I was employed by the state for more than 30 years before retiring 29 years ago.

My entire career has been involved in taxes and finance, for the state and also for private industry and the federal Internal Revenue Service.

I worked hard for the state of Maine and was well paid for my expertise and abilities. My last 17 years of state service was with the Legislature as finance officer and administrative director.

My employees and I worked with the Appropriations Committee in my role as legislative finance officer, and we put out a lot of good, fair and balanced budgets.

I know what the word “balanced” means, and I also know what “gimmick financing” means.

I worked with some of the finest department heads this state has ever had. I made a lot of friends, no enemies that I know of, and I knew finances and budgets as well as anyone in the state.

I recently received a newsletter from Sen. Roger Katz, R-Augusta, explaining all the changes made last session.

Lawmakers, however, didn’t really balance the budget if they have to come back and find more than $25 million to balance it during the last year of this two-year budget cycle.

A balanced budget doesn’t contain tax relief for high-income people, it doesn’t increase the inheritance tax exemption from $1 million to $2 million “not funded,” leaving the next Legislature to deal with the loss of revenue of somewhere around $400 million.

I believe this Legislature is being run by the ultraconservative Christian Coalition, the tea party and the Maine Heritage Policy Center. These organizations poured somewhere around $400,000 in out-of-state money into the state last November to beat five Democratic Senate candidates and assure control of the Senate for Republicans. All five Democrat candidates were defeated.

This budget has been “balanced” on the backs of the elderly and the state employees (current and retired). It gave a little more to educators but also gave municipalities less in revenue sharing funds, thus passing more cuts onto their end.

Gov. Paul LePage didn’t get everything he, or someone wanted, and he has said he’ll get the rest this session. He said we would have 1,500 fewer state employees at the end of his term. Probably so, with some forced to retire in order to keep their insurance.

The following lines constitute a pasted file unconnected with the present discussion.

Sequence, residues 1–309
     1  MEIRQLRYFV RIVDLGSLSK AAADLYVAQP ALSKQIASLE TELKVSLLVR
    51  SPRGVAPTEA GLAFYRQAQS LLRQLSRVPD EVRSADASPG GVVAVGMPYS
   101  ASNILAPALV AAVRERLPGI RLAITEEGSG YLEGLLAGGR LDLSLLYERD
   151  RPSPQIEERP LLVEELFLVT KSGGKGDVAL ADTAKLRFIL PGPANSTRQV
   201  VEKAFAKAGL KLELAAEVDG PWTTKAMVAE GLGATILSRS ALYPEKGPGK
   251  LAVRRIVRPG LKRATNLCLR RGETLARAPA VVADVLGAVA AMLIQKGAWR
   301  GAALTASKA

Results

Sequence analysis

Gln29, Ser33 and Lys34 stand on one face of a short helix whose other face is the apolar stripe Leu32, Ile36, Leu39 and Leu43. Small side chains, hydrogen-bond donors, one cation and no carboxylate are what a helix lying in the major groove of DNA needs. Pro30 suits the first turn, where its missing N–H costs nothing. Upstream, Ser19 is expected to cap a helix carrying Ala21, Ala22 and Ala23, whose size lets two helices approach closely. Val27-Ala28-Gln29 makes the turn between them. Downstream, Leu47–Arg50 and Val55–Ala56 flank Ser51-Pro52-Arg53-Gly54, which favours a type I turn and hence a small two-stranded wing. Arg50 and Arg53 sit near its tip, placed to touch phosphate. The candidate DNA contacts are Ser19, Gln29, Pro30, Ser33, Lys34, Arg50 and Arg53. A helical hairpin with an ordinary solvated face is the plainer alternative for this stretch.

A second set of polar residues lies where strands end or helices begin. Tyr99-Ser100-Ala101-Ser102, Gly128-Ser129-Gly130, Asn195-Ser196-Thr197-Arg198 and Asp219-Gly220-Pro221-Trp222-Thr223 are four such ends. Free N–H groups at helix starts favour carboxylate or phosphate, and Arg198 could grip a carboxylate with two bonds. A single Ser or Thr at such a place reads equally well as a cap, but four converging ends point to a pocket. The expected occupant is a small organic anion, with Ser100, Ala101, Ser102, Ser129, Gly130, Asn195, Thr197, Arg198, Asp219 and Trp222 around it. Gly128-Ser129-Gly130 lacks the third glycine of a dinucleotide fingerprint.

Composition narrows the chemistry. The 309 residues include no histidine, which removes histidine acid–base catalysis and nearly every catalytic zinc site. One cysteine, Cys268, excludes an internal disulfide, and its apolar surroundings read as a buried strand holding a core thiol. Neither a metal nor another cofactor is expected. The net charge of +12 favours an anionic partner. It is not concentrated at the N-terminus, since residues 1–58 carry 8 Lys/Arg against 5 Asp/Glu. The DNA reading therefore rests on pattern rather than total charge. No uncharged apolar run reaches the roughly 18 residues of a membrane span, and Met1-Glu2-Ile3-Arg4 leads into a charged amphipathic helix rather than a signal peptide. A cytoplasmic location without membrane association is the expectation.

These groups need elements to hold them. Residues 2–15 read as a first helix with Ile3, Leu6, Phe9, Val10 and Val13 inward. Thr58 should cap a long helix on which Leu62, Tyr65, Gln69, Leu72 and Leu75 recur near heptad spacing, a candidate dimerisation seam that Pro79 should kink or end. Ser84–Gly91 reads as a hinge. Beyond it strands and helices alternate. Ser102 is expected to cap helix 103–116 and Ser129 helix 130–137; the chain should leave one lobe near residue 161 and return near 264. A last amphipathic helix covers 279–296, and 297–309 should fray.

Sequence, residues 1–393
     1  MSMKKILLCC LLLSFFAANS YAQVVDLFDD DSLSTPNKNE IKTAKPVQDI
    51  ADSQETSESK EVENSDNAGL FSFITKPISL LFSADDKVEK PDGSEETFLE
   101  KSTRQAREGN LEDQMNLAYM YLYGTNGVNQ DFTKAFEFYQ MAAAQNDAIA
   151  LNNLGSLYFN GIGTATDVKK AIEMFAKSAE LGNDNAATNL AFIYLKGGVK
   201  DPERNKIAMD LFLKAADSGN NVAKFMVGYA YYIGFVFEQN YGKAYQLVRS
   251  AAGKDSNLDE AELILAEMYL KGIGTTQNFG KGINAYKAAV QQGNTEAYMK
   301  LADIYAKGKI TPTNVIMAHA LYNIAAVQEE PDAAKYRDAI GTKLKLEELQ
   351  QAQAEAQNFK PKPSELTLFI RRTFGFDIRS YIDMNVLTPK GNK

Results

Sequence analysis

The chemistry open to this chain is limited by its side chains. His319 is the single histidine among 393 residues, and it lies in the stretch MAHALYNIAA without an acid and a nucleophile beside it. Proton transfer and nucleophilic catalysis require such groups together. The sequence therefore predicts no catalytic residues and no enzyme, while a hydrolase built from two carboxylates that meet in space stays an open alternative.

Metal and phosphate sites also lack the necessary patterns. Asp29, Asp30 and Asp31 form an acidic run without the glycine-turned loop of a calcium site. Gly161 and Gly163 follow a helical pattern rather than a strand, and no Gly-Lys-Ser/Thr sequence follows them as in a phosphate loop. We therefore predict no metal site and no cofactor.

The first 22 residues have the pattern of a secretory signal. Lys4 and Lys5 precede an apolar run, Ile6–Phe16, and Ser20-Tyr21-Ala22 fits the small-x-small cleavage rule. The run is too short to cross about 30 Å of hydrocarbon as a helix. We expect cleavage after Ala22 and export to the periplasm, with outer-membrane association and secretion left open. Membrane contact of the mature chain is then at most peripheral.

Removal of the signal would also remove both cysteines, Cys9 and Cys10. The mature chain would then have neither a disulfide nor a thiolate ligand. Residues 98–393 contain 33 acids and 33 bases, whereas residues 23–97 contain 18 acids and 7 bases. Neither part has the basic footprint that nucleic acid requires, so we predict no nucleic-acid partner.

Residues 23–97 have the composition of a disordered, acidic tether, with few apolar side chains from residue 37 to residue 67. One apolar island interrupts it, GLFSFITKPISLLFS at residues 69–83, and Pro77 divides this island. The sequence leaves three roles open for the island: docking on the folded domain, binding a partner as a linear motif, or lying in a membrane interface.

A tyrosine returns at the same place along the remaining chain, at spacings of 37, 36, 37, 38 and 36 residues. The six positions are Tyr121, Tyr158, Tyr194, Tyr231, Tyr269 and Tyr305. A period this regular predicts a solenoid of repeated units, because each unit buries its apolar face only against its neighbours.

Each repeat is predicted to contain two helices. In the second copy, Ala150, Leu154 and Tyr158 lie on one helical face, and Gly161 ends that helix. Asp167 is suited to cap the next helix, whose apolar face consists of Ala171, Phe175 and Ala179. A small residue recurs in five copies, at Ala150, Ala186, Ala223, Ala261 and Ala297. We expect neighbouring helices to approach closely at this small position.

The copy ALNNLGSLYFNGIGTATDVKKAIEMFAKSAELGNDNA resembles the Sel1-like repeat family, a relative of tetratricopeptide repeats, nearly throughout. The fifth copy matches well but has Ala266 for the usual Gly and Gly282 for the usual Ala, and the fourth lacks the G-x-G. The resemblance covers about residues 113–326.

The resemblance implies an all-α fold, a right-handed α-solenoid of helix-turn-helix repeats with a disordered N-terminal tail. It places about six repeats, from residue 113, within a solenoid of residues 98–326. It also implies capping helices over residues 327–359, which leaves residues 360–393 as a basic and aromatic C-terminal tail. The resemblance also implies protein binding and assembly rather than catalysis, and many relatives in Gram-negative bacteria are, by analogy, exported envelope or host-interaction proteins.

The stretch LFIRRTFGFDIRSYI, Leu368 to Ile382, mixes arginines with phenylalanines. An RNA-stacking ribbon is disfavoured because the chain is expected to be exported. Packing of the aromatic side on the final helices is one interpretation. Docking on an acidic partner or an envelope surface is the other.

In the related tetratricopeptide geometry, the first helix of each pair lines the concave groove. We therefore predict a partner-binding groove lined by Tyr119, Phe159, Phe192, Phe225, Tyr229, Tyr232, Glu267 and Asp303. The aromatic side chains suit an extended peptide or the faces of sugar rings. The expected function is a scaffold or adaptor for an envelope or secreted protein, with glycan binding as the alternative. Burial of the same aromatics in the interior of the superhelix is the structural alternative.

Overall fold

It’s OK to be pro-business; businesses love it. They hate regulations and unions.

Maine is a large, poor state, many of its residents are low income and has the second highest elderly population in the country, behind Florida.

Mainers are survivors, and we will survive. America is the greatest nation on earth, and Mainers are tough, resilient people.

I read a report on the retirement system’s financial condition that showed the market value of the system’s assets as of Dec. 21, 2010, were $10.3 billion. The report also rated Maine among 16 states with a perfect pension score, making it the only New England state with such a high rating.

It costs less to be in our system than it would if the employees were under Social Security.

State Treasurer Bruce Poliquin’s primary job is to be the state’s treasurer. He is also an ex officio member of the retirement system and other boards. He was a bigtime loser in his bid to be governor, and he has now become a state employee, being paid by the taxpayers like other state employees.

As a state employee, Poliquin should not forget his primary job.

I don’t believe LePage really thought he would become Maine’s governor. It’s a lot different running the state than buying and selling goods at Mardens. He now has the job, though, and I wish he him the best.

I do think he and his spokesperson, Press Secretary Adrienne Bennett, should clean up his act, though; there are a lot of problems in that area.

Katz should save the postage on his newsletter. I think I know how this so-called “balanced” budget was done.

William Garside of Augusta is 87 years old and was the state’s finance officer for 17 years. He also is a past president of Maine Association of Retirees.


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